What is a Registered Dietitian Nutritionist?

Becoming a Registered Dietitian Nutritionist

Registered Dietitian Nutritionists (RDNs) are food and nutrition experts who have met the following criteria to earn the RDN credential:

  • Completed a minimum of a bachelor’s degree at a US regionally accredited university or college and course work accredited or approved by the Accreditation Council for Education in Nutrition and Dietetics (ACEND) of the Academy of Nutrition and Dietetics.
  • Completed an ACEND-accredited supervised practice program at a health-care facility, community agency, or a foodservice corporation or combined with undergraduate or graduate studies. Typically, a practice program will run six to 12 months in length.
  • Passed a national examination administered by the Commission on Dietetic Registration (CDR). For more information regarding the examination, refer to CDR’s website at www.cdrnet.org.
  • Completed continuing professional educational requirements to maintain registration.
  • Some RDNs hold additional certifications in specialized areas of practice. These are awarded through CDR, the credentialing agency for the Academy, and/or other medical and nutrition organizations and are recognized within the profession, but are not required. Some of the certifications include pediatric or renal nutrition, sports dietetics, nutrition support and diabetes education.
  • In addition to RDN credentialing, many states have regulatory laws for dietitians and nutrition practitioners. Frequently these state requirements are met through the same education and training required to become an RDN.

College Coursework

Dietitians study a variety of subjects, ranging from food and nutrition sciences, foodservice systems management, business, economics, computer science, culinary arts, sociology and communication to science courses such as biochemistry, physiology, microbiology, anatomy and chemistry.

International Professionals

Individuals who completed their education and training outside of the US, or received credentials in another country, may be eligible to become credentialed RDNs in the US. Individuals who have completed the education and credentialing requirements in one country may be eligible for another country's credentialing examination if the two countries have entered into a "reciprocity" agreement to allow this. If reciprocity does not apply, you must have your academic degree validated as equivalent to the bachelor's or master's degree conferred by a US regionally-accredited college or university and complete an ACEND-approved supervised practice requirement to establish your eligibility to sit for the exam. It is important to note that all individuals who establish registration eligibility — whether under the provisions of a reciprocity agreement or through the combination of a validated academic degree and supervised practice program — must successfully write the Registration Examination for Dietitians to earn the RDN credential.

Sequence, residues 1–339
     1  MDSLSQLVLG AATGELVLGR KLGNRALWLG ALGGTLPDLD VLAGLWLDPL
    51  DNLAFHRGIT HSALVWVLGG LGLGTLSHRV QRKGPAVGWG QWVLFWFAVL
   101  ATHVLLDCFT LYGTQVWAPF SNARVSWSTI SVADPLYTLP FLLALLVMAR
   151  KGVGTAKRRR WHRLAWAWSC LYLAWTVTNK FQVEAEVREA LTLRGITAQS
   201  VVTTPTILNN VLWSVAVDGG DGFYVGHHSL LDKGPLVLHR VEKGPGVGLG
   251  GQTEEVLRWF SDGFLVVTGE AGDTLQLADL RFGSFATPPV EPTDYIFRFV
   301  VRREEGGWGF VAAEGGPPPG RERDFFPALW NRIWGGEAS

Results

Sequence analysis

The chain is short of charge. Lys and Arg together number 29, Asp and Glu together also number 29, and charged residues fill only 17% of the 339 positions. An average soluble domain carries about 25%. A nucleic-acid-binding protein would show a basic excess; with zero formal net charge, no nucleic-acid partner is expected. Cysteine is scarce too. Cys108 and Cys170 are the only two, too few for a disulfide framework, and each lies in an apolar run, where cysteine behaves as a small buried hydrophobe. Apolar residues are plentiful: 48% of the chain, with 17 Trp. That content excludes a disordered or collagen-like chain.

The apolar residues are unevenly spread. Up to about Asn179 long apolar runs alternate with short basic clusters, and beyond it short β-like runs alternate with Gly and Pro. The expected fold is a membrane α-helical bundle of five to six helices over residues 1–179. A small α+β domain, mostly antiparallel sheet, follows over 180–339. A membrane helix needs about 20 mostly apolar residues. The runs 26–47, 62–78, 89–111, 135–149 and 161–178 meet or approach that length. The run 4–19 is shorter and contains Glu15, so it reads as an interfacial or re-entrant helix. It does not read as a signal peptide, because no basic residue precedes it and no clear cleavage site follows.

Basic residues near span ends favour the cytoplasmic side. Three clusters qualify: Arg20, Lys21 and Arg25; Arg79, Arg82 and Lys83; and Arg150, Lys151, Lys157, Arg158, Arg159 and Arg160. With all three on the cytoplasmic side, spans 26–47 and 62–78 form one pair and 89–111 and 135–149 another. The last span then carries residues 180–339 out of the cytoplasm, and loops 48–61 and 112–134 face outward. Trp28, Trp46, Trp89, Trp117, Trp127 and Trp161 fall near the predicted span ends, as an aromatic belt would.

Employment Opportunities

Registered dietitian nutritionists work in a wide variety of employment settings, including health care, business and industry, community/public health, education, research, government agencies and private practice.

Many work environments, particularly those in medical and health-care settings, require that an individual be credentialed as an RDN. RDNs work in:

  • Hospitals, HMO's or other health-care facilities, educating patients about nutrition and administering medical nutrition therapy as part of the health-care team. They may also manage the foodservice operations in these settings, as well as in schools, day-care centers and correctional facilities, over-seeing everything from food purchasing and preparation to managing staff.
  • Sports nutrition and corporate wellness programs, educating clients about the connection between food, fitness and health.
  • Food and nutrition-related business and industries, working in communications, consumer affairs, public relations, marketing, product development or consulting with chefs in restaurants and culinary schools.
  • Private practice, working under contract with health-care or food companies, or in their own business. RDNs may provide services to foodservice or restaurant managers, food vendors and distributors or athletes, nursing home residents or company employees.
  • Community and public health settings, teaching, monitoring and advising the public and helping improve their quality of life through healthy eating habits.
  • Universities and medical centers, teaching physician’s assistants, nurses, dietetics students, dentists and others the sophisticated science of foods and nutrition.
  • Research areas in food and pharmaceutical companies, universities and hospitals directing or conducting experiments to answer critical nutrition questions and find alternative foods or nutrition recommendations for the public.